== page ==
A visit to the stone temples of Halebid and Belur

It is of a mighty king of a legendary dynasty that we are talking of here. Who can imagine how these “real” kings thought? Or how mighty they felt? Or what grandiose structure they would envision to weigh the earth down when celebrating a victory or declaring their religion?

Maybe, maybe it could justify the whole thing, the staggering scale of plans with stone and space. Where stone will not bear resemblance to a mere stone any more. Where they are to stand, for ages to come, in unbelievable detail, uncannily alive; dancers, warriors, Gods, Apsaras, Asuras, the trees and the rivers and the mountains and the all their inhabitants and of course the king and the queen themselves!

Let imagination be. It may not be upto it!

The Chennakeshava temple at Belur

Belur and Halebid have been in my mind since some years after I moved to Bangalore. That is easily some ten years back. It is strange how trips materialize. Last weekend, on Saturday a restlessness to be on the go possessed me. I brought it up with Ajay, how nice it would be if we could just board a train to somewhere sometime later this afternoon! Something settles down and we decide on Belur and Halebid. It is easy to get going these days! A quick check on tripadvisor for a no frills stay at Hassan the nearest town to these twin sites, a call to book a room and Nokia maps to guide us with the route and off we go within an hour.

The highways (Route via Nelamangala NH4, NH48) are fantastic but unless you have nothing better to do avoid getting out of the city on a Saturday afternoon. That took as about an hour and a half! The rest of the 190 odd kilometers was a breeze.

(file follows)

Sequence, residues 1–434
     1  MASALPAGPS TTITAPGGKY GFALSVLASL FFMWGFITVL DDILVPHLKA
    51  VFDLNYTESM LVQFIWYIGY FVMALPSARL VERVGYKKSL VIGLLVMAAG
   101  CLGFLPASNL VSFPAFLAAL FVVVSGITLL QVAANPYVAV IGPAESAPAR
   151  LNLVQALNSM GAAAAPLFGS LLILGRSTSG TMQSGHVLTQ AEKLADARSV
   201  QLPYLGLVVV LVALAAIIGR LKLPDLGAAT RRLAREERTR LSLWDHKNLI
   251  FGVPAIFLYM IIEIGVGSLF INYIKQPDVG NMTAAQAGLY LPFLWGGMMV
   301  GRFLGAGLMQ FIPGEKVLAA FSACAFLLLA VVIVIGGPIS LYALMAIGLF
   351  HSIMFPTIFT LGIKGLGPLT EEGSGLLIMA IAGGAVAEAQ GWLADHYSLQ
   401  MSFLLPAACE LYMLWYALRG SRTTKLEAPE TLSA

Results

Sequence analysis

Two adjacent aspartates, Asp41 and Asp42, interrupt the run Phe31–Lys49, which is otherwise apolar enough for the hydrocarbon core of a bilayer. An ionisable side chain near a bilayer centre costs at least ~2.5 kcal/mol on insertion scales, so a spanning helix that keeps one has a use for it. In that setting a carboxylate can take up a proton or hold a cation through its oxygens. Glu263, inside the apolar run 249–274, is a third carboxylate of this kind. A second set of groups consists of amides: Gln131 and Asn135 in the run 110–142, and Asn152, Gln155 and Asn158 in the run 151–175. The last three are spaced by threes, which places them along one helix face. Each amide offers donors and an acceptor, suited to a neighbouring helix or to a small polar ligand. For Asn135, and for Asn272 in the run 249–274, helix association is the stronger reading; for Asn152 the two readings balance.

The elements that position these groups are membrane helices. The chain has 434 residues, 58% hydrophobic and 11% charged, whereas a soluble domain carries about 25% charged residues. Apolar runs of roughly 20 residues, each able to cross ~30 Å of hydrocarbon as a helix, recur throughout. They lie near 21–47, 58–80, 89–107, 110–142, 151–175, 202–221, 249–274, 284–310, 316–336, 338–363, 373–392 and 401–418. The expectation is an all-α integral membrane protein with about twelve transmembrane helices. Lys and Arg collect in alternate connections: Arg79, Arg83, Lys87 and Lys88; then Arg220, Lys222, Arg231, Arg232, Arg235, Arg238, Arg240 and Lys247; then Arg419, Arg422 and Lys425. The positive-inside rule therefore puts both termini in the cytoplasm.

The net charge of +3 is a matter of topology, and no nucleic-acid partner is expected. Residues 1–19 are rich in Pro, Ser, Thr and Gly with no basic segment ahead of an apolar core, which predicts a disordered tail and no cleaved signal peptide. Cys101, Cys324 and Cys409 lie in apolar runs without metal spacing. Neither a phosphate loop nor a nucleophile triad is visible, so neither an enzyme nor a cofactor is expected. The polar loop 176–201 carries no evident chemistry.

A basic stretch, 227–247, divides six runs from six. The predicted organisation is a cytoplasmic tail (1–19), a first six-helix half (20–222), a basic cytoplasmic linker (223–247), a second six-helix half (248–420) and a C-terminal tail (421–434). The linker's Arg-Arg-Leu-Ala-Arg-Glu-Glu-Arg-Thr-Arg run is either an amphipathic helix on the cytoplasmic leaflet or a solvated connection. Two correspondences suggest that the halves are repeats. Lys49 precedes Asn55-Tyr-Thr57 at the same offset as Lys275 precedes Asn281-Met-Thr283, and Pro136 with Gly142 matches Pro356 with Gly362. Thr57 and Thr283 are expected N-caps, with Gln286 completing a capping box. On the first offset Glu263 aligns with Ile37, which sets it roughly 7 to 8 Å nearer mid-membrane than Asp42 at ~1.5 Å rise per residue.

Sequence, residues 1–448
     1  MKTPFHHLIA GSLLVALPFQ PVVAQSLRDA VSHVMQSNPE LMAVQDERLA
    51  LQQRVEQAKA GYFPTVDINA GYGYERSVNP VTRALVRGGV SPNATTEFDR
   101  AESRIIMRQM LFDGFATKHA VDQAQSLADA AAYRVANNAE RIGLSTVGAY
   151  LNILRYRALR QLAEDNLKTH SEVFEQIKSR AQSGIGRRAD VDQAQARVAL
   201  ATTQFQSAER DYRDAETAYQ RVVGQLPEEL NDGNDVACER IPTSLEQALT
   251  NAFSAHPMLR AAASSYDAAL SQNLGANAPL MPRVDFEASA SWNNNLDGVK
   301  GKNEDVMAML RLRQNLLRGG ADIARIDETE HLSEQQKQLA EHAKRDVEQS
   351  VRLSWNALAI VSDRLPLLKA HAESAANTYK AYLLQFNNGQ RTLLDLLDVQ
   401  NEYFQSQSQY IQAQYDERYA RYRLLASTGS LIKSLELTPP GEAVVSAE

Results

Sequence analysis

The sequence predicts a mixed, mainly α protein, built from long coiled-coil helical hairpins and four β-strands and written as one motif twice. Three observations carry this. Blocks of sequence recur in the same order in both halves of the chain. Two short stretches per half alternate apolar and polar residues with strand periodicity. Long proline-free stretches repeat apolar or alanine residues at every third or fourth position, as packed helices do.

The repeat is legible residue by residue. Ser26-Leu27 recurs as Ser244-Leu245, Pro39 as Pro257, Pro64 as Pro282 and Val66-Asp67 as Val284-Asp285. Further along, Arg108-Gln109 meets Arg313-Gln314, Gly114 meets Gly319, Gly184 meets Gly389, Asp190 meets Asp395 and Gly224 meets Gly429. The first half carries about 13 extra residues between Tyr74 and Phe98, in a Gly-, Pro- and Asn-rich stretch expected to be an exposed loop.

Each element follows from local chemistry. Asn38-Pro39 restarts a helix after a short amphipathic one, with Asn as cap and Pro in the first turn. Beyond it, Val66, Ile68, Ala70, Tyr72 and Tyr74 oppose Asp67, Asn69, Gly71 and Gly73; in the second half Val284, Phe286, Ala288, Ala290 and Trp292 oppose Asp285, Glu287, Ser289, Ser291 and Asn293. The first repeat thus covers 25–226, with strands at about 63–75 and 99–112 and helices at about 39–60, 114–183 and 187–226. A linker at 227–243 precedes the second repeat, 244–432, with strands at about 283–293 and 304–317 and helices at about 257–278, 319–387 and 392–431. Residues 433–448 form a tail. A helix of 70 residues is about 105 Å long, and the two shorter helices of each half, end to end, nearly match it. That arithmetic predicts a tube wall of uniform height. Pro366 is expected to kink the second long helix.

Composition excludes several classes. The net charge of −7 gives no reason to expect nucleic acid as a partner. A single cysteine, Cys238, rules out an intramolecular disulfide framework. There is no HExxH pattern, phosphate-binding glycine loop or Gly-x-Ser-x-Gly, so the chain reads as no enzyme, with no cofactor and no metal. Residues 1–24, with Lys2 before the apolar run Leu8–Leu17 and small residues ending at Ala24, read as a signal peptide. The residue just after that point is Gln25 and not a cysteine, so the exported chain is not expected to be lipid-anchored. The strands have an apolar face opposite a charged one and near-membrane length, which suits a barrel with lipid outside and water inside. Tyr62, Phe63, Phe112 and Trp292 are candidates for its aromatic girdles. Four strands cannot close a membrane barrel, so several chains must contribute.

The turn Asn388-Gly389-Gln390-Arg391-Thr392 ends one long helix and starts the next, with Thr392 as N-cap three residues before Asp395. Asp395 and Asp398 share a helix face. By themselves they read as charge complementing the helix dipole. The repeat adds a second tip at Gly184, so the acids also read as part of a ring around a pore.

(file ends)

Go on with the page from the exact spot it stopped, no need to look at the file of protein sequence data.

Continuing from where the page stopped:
On Sunday morning we set out early, at around 6am to Halebid. These roads are more personal; they seem to invite to linger a little longer and to listen to the stories they have to tell. It happens that we are the only people driving up this road at this hour!

Halebid seems like a shack of a town with a bus-stand. The shacks around the bus stand mostly sell fruits. Hopefully next time we give ourselves more time, time enough to go lazily exploring around Halebid and its countryside! Time, Time, Time!

It was once the imposing capital of the Hoysala dynasty that ruled a large part of today’s Karnataka for over 300 years between the 10th and the 14th centuries. Marauding invaders left their mark and the capital that was once called Dwarasamudra now exists under the name “ruined city”.  We actually drive past the Hoysaleshwara temple that sits in a nondescript manner enclosed by a tended garden to our left, opposite the bus stand. What was I looking for? I don’t think I can get around to the idea of running into a relic amidst shacks or markets or modern day utility buildings! I don’t expect to park a car right outside a monument and walk into it. These things belong to a different era. Encroach upon them and something feels lost.